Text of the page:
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Butterfly Briefs: Whites & Yellows (family Pieridae)
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BUTTERFLY BRIEFS

The Cabbage White (Pieris rapae) is a small to medium-sized butterfly that is mostly bright white. The males have one spot on the upperside of their forewing while the female has two. Both sexes may have dark tips on their forewings and a yellowish or greenish cast to the underside of their hindwing. As their name suggestions, the caterpillar host plants are in the crucifer (mustard) family, and they enjoy munching on cabbage, Brussels sprouts, and broccoli.  These butterflies fly from early spring to late fall and can be found in cities and out in the countryside.

 

They are one of our only introduced butterflies, being introduced from Eurasia in 1860 in Quebec, Canada and can now be found over most of the USA.

 

For more about the Cabbage White, visit www.butterfliesandmoths.org/species/Pieris-rapae

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BUTTERFLY BRIEFS

The Clouded Sulphur (Colias philodice) is a medium-sized, light yellow butterfly of open areas. Both sexes have a dark wing border above, males with a solid border and females with light-colored spots in the border. The Clouded Sulphur is very similar to the much more common Orange Sulphur, but the Clouded Sulphur is clear yellow with no orange. If you see any orange, it is an Orange Sulphur. Both species have a white form female (white instead of yellow) and the two white-form females cannot be distinguished reliably from each other in the field.

 

The adults fly from early spring to late fall in open areas. They get nectar from flowers and males may puddle on mud, gravel roads, and poop to get salts for reproduction. Their caterpillars feed on a variety of legumes including clovers and alfalfa.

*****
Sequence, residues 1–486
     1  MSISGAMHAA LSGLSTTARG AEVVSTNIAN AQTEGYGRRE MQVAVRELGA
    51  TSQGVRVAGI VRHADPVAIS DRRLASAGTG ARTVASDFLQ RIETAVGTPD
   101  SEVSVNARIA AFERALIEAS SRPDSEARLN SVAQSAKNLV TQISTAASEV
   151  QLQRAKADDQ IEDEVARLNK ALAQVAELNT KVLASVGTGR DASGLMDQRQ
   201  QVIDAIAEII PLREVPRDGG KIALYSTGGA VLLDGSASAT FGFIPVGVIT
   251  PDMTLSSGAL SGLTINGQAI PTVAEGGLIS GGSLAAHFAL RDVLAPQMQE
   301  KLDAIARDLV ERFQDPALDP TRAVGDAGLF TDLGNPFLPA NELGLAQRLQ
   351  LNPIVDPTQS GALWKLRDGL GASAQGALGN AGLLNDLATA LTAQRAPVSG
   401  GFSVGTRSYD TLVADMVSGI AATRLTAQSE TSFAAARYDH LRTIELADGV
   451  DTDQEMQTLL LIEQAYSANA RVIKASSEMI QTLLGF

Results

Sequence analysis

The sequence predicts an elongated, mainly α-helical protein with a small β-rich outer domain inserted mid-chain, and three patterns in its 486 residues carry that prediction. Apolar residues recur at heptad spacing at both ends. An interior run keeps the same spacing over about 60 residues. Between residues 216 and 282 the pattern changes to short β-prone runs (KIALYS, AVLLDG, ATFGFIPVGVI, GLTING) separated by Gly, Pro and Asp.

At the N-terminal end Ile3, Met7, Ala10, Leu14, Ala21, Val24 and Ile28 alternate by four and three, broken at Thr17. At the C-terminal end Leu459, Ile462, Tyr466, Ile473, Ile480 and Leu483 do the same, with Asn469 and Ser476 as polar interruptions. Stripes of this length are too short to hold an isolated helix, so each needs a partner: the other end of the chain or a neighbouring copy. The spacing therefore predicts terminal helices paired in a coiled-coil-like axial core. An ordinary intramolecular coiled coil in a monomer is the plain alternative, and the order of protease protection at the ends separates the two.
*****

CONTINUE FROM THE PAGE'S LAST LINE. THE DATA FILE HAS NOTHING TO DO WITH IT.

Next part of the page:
For more about the Clouded Sulphur, visit mdc.mo.gov/discover-nature/field-guide/clouded-sulphur

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BUTTERFLY BRIEFS

The Orange Sulphur (Colias eurytheme) is a medium-sized, yellow butterfly found in open areas. Both sexes have a dark wing border above, males with a solid border and females with light-colored spots in the border. The Orange Sulphur is very similar to the less common Clouded Sulphur, but the Orange Sulphur is usually a darker yellow with some orange tinting, while the Clouded Sulphur is clear yellow with no orange. If you see any orange, it is an Orange Sulphur. Both species have a white form female (white instead of yellow) and the two white-form females cannot be distinguished reliably from each other in the field.

 

The adults fly from early spring to late fall in open areas. They get nectar from flowers and males may puddle on mud, gravel roads, and poop to get salts for reproduction. Their caterpillars feed on a variety of legumes including clovers and alfalfa.

For more about the orange sulphur, visit mdc.mo.gov/discover-nature/field-guide/orange-sulphur-alfalfa-butterfly

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BUTTERFLY BRIEFS

The Cloudless Sulphur (Phoebis sennae) is a large yellow butterfly of open areas. Females are yellow with a variable number of brown markings underneath. Males are very bright greenish yellow with few markings.

 

The adults colonize our area yearly from the south and are most commonly seen from summer to fall. Males patrol open areas and both sexes can be found getting nectar from flowers, especially trumpet shaped flowers. Their caterpillars feed on senna and partridge pea. There are 2-3 broods per year.

For more about the Cloudless Sulphur, visit mdc.mo.gov/discover-nature/field-guide/cloudless-sulphur

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